The extra details included motion blur, strong gusts of wind at the beginning helping to show that the strawberry begins high up, the classic cartoon falling noise and some more comical audio to make the piece even more cartoon. The last, and perhaps most significant change, was to add a crowd of strawberries cheering for the jumper at the bottom. This was a good idea, for many different characters are distinguishable in the given audio. It does not make a lot of sense for all of the noises to be coming from a single source! With the inclusion of extra characters, the sound is far better matched by what is shown on screen, and the animation as a whole is far more believable. Here is the animation so far, complete with these changes:


I am very pleased with this piece! The character was created as separate assets in Adobe Photoshop, before being parented in After Effects and animated with the puppet pin tools. The puppet pin tools were also used for the strawberry lace bungee chord- for which the source image was completely straight! The use of these tools enabled me to achieve what I feel is a very convincing waving motion. The background assets, such as the table and sweet packet, were too created by drawing directly in Photoshop.

As I use Adobe After Effects more, I can definitely notice how much learning new techniques has impacted my workflow, increasing my efficiency as well as the range of effects I can create. Particluarly (no pun intended) this project has seen considerable focus on the use of particle effects such as Particle Playground. This effect was used to generate the small cube-shaped 'sugar' particles that are thrown around the screen when the strawberry lands in the bowl. In addition, I am now far more comfortable with the idea of precomposing work- you will notice that the falling sugar itself comprises of several different particle effects, masked accordingly, to create the impression that they impact the table and settle on its surface (as opposed to falling straight down through it).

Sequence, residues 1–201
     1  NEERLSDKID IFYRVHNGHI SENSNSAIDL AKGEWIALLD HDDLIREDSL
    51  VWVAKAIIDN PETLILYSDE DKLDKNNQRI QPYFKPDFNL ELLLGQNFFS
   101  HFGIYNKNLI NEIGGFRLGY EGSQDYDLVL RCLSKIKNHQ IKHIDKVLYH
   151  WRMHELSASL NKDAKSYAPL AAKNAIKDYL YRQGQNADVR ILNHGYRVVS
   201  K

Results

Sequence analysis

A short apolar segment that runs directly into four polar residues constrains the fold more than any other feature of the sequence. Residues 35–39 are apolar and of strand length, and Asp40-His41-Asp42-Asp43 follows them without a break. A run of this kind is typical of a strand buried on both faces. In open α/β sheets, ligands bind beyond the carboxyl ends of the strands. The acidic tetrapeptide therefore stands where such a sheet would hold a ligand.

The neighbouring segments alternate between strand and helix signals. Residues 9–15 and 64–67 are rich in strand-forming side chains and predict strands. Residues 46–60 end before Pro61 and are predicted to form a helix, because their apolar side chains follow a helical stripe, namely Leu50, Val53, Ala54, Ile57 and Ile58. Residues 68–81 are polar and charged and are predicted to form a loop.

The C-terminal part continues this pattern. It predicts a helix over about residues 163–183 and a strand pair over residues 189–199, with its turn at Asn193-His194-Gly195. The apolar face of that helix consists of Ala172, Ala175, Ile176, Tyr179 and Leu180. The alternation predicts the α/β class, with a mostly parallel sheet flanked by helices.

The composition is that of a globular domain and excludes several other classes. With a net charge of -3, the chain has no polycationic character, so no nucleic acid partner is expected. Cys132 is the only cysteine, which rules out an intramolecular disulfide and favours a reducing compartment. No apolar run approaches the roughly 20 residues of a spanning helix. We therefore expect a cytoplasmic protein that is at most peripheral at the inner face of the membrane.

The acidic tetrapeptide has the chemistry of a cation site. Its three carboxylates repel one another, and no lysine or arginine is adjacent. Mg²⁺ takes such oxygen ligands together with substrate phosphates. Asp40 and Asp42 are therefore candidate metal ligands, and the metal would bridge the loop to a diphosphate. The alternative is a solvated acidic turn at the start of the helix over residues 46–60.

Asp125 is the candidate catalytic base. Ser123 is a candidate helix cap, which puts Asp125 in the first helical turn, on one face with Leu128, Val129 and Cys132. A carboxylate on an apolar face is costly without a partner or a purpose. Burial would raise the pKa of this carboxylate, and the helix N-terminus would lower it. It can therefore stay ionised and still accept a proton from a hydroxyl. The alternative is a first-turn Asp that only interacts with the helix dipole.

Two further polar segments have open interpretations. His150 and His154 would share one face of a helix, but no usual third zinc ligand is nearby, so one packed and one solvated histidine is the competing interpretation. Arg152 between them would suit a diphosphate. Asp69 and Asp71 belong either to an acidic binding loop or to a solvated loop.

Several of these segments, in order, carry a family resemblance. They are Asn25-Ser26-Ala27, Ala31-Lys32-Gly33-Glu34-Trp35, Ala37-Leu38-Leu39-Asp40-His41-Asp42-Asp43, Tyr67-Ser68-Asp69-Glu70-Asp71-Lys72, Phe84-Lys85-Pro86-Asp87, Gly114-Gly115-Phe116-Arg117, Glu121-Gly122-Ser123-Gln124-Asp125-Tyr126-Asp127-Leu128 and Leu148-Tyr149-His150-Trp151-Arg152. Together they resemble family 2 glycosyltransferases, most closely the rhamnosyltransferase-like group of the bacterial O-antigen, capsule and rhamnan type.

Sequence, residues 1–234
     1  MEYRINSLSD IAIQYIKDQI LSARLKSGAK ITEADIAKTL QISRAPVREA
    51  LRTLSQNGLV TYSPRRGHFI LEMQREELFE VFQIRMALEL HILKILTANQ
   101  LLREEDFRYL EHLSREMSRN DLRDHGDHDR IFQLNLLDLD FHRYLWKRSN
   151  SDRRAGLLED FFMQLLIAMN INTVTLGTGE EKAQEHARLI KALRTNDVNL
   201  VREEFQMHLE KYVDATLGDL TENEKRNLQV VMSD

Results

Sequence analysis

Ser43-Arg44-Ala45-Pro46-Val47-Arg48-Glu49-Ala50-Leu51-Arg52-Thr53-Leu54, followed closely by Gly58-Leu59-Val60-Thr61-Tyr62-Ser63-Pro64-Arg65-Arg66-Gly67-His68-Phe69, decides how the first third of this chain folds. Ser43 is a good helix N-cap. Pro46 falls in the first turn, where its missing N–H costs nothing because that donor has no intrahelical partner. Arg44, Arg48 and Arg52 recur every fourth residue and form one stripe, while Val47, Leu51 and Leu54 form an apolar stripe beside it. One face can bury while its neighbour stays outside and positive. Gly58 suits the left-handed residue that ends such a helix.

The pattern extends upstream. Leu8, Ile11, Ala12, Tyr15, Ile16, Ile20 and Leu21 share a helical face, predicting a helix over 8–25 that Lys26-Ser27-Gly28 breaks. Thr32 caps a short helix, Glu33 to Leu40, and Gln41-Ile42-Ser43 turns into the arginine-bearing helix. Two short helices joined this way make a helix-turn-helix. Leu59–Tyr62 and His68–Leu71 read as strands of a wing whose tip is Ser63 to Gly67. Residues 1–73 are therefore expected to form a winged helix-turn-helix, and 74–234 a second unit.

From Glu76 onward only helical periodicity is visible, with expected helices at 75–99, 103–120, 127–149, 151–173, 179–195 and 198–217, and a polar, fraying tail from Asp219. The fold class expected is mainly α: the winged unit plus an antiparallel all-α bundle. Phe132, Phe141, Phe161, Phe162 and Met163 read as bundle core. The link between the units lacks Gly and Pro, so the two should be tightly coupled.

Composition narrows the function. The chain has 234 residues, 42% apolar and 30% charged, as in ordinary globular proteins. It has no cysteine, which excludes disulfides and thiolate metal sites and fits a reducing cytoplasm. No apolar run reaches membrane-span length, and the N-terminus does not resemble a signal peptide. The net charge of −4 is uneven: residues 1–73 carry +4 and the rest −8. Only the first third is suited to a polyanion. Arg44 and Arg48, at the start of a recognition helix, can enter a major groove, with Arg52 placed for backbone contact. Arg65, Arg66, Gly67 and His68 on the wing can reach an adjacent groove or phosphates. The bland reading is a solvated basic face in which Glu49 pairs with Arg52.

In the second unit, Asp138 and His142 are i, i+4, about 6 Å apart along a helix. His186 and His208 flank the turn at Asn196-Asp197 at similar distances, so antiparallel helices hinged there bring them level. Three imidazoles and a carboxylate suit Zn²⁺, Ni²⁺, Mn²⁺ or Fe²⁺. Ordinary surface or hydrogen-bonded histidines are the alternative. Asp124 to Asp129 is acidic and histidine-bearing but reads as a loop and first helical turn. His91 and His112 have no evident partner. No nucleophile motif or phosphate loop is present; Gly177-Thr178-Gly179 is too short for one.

All in all, with roughly five weeks still to go for this project, I feel I am making excellent progress! Whilst I have a few tweaks to make here (namely changing the font at the end, as suggested by my tutor, cutting the amount of time the berry falls for, and keeping everything within a screen safe area (such that important aspects would not be cropped off were the advert viewed on a non-widescreen TV)), the difficult stuff is done!

I might have been a bit hasty in calling my most recent 'Italian Month' video the 'final' one too! My tutor has suggested improvements for that animation as well, and with time remaining I shall revisit that animation and touch up certain elements soon. Again, this will be nothing too drastic. Within the next week or so, I hope to have both 'Italian Month' and 'Sugar rush Sundays' finished, at which point I can put all of my remaining energy into my on-hiatus 'Kino 10' piece.